Like all good sides, the Scarlets set piece options aren’t mono-optional. That is to say, there are different options at every stage of the sequence. I’m a big fan of Patchell at 10, and his work in these scenarios is always very crisp.
Here’s the initial lineout action;
He’s running that curve line behind the ball carrier to act as an outside pullback option for Barclay but it wasn’t there on this phase. It’s important that he’s there to give that second layer option though, and there’s probably a Scarlets’ option off this lineout that sees him take possession from Barclay (or Cassiem, next season) on the first phase rather than the second phase.
His work on the second phase is where I think Carbery can excel next season – creating isolations.
That isolation opportunity is created by the Scarlets’ forward handling and decoy work in midfield.
Beirne and Evans are holding the La Rochelle midfield on the second pass – Owens and Beirne held them on the first – and the return play to Gareth Davies essentially sat down the La Rochelle defence in midfield for half a second. This creates the angle for Patchell and the potential isolation.
Patchell’s line is designed to isolate and attack the last La Rochelle edge defenders and spring the Scarlets outside runners into this overlap. At this point in the game, Scarlets had to play Davies on the wing, which limited their effectiveness here, but not by much.
A lack of pace prevented a better quality linebreak from being generated. Patchell’s attack line is a little below where I’d like it – and it’s one of the weaknesses in his game at the top level – but the real killer is James Davies. Ideally, you’d have had a McNichol in Davies’ (Red #7) position as the play hits the edge.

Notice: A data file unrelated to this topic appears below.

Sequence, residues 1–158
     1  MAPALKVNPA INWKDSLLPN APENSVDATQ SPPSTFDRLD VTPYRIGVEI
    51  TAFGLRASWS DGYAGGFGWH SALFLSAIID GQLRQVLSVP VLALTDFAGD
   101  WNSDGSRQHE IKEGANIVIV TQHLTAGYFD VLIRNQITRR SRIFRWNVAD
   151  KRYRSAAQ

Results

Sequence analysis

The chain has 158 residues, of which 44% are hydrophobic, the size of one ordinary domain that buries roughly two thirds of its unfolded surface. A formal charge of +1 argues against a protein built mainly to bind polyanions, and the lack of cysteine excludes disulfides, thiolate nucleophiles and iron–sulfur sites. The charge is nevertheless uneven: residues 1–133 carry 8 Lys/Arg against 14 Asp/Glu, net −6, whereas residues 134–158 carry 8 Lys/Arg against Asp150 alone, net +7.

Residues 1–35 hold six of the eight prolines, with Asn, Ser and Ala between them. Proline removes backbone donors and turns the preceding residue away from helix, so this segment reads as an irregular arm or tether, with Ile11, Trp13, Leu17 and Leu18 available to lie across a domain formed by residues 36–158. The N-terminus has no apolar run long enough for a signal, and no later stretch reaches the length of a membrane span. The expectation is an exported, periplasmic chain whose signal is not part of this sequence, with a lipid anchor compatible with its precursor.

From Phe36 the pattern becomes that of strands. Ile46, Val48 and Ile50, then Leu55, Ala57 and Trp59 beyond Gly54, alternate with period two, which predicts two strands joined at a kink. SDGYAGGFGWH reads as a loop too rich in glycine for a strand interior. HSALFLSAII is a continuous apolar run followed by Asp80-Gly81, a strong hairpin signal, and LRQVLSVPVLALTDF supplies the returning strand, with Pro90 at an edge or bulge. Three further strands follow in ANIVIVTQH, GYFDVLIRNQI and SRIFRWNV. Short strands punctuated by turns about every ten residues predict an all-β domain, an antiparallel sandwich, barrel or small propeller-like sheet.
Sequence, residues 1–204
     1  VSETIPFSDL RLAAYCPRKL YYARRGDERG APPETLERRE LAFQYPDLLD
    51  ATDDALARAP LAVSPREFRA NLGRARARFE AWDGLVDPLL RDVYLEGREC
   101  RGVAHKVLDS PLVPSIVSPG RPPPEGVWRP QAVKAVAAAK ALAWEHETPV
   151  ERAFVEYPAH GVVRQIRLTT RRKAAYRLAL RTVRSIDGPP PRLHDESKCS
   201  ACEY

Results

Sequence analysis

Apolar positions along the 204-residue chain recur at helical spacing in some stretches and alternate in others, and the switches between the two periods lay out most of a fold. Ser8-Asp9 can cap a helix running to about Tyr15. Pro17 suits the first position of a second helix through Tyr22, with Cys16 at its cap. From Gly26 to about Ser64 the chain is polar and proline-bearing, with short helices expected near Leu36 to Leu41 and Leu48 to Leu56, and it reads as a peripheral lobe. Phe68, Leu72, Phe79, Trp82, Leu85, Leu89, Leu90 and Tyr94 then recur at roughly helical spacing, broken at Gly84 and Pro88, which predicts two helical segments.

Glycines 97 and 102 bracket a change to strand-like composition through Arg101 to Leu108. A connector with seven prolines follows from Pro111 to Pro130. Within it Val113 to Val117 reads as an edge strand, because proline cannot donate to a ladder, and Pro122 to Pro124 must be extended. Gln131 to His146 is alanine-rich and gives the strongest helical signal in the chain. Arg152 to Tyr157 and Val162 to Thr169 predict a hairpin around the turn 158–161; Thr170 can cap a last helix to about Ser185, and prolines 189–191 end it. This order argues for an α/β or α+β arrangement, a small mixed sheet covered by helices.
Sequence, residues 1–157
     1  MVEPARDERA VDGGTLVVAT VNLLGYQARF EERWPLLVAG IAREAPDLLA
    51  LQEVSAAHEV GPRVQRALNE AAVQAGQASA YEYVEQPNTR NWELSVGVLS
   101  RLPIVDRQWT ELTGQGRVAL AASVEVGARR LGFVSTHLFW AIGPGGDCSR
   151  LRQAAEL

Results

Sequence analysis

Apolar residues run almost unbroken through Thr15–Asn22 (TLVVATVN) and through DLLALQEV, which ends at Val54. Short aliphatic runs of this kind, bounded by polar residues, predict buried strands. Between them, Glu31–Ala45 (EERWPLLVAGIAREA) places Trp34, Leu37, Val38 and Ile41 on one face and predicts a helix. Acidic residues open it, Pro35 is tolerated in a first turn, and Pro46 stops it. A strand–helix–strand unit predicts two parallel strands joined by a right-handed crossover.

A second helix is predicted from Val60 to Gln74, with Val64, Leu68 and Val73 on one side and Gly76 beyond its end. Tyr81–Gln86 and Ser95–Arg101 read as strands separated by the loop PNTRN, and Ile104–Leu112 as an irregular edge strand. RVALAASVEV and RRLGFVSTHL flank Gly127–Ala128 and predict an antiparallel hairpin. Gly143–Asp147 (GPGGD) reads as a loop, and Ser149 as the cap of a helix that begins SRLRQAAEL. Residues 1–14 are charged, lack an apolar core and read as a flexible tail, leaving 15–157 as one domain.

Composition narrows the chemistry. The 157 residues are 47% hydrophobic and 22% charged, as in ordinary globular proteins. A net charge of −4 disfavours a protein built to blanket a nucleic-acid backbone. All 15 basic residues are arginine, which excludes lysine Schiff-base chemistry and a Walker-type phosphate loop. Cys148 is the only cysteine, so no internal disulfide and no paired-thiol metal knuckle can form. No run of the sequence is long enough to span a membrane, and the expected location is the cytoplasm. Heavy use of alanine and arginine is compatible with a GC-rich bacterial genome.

How does this relate to Carbery? He’s got the pace and stepping ability to step into both of these roles – the first phase pullback and second phase edge attack – and add a real pop to the sequence wherever it goes. If I’m Felix Jones, I’m constructing set piece options like this one to isolate and then attack that edge.
That pace and reset speed to find the edge is vitally important for a 10, but especially one who’s got above average speed and agility in their skillset – as Carbery does.
Here’s a good example of those qualities in action.
Watch Damien McKenzie’s work on the three phases after this lineout;
Three involvements, all built on attacking reset speed and finding the edge.
McKenzie’s pace allows him to have four crucial roles in this initial set-piece strike. He’s got three passes and one decoy loop option. Look at the hard decoy/option line he runs behind the hit-up here;
At that point, McKenzie knows that the French edge is going to compress on the next phase, and all it needs is a “set up” hit to set it in place.
Once that happens, he can use his pace and hand speed to attack that compressed edge on the next phase with superior numbers to work with. France look like they have good numbers here but the All Blacks have them right where they want them – two forwards and one winger defending 15 metres of space against four attackers.
It ends predictably – a killer All Black linebreak.
Why was it a killer?
Well, look at the French wide defence right before the linebreak.
All heavy forwards. When they reset to the next ruck, France are in big trouble.
That wide linebreak – and the resultant French defensive reset alignment – gives McKenzie a chance to finish this sequence inside four phases.
The French alignment stayed the same as they transitioned back to the ruck after the linebreak and that created the space for McKenzie to pop up behind a heavy screen and attack the gaps.
McKenzie had FIVE involvements on this sequence as it transitioned from the set-piece into multiphase and used his pace, reset and agility to ram home the try.
We know that Carbery has the pace, composure and hand speed to work similarly, be it directly or indirectly.